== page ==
This is one reason we started this blog, to provide detailed insights into what is actually happening in Iraq, as opposed to opinionated commentary. After all, it was a series of assumptions about Iraq prior to 2003 that resulted in so much suffering, much of which may have been avoidable. Over-simplified analysis of the growing strength of I.S. and the political situation in the post 2011 period also led to a tardy Western response to a genocidal terror group.
However, while we have our own views as editors, we want to understand what we may be missing: is the dream of a Kurdish state really unreasonable? Are (as some Kurds claim) those who oppose a Kurdish state prejudiced against Kurds? Or are they genuinely concerned for the security of the Kurdish people?
Might new arrangements be explored that could increase democracy and political accountability to the benefit of all Iraqis, furthering issue based politics? Sajad Jiyad at the Al Bayan Centre believes so, as does Michael Knights. Is this entire debate an unhelpful distraction from the very serious economic and security issues both the Kurds and Iraqis face?
Some analysts simply warn there are potentially intractable problems that need sustained attention, while not ruling out the possibility of a Kurdish state. These latter analysts include Joost Hiltermann, who has worked on the issue of disputed territories for many years, and Maria Fantappie, who has spent a lot of time in Iraq.
Detailed debate is needed, but policy makers will need a way out of this crisis sooner rather than later. Should a dialogue between Baghdad and Erbil focus on the benefits of greater power-sharing, and if so, does this resolve the issue of the disputed territories? One problem with this Baghdad--Erbil focus is the risk that the demands of other communities in Iraq may become sidelined.
Iraq may be better served by the continuation of a National Dialogue among all of Iraq’s components. Turkmens who have rejected the referendum must also have a say on whether they remain united with Iraq in their homeland, Kirkuk, as well as Yazidis who largely rejected the referendum in addition to other minorities.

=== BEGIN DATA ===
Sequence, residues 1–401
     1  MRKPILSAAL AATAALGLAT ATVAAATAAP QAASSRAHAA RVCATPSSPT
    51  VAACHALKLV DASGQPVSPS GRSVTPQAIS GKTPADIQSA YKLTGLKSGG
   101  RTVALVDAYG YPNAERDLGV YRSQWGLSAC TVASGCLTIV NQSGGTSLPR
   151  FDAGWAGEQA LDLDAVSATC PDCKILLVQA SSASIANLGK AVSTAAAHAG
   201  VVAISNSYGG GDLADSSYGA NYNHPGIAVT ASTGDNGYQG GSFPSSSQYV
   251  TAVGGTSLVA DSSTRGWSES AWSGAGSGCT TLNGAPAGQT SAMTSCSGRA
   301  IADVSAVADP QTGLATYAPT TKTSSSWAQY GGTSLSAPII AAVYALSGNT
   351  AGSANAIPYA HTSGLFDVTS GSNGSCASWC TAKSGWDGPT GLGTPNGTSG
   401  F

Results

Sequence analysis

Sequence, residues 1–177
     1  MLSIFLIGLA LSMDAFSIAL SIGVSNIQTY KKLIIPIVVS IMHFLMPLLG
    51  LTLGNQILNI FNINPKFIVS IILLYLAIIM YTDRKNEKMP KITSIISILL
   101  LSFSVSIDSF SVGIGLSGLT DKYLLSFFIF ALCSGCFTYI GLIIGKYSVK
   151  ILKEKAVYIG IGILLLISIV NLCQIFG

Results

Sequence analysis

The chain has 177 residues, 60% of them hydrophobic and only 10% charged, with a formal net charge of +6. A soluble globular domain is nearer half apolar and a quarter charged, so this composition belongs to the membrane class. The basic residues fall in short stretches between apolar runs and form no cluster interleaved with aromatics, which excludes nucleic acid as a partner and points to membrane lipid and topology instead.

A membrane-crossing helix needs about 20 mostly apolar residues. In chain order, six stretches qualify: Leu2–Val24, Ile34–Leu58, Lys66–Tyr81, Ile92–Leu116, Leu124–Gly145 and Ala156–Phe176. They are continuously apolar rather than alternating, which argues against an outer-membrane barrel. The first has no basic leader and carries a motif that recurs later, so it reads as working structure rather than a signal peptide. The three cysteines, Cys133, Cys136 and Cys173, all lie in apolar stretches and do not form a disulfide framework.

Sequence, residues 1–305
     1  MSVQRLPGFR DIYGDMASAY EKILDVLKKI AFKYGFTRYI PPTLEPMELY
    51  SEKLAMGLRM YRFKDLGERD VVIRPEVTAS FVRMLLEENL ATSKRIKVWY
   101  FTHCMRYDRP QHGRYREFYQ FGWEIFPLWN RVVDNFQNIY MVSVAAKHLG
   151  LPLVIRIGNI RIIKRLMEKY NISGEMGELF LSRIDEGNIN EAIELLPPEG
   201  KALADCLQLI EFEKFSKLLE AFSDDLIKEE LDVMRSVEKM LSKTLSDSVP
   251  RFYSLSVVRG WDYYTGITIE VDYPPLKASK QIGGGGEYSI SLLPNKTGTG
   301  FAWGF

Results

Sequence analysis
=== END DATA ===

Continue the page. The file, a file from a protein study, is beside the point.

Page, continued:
The United Nations started working two years ago on a National Settlement Project, and holding many meetings with the National Alliance, the Sunni blocs, the Kurdish parties, Turkmen and other communities. They have submitted their visions for the future of a unified Iraq.
On July 17th, UNAMI said that this process “will be based on a comprehensive mapping and analysis of the different proposals and visions received by the UN, which will be used to identify common ground leading towards a common vision of national settlement and societal reconciliation.”
The effort has seen the involvement of a number of Iraqi independent politicians, as well as the Prime Minister's office and has had the approval of local, regional and international key stakeholders.
The National Settlement Project is important because it can provide a central platform for resolving the issues on the negotiating table, which are centred on power-sharing, land and wealth management and cannot be solved based on two-way negotiations, because the issues cannot be neatly divided on the basis of ethnicity.
A centralised process, led by UNAMI, is vital, because Iraq cannot rely on the U.S. as a “divorce lawyer,” as some have claimed, or any other nation as lead mediator while other nations throw proposals into the mix. We have seen the difficulties in Libya recently where there have been six peace processes on the table, leading to confusion and little progress. Whatever happens now, we wish to enhance the debate, and will be hosting arguments from either side of the divide, on this issue and many others.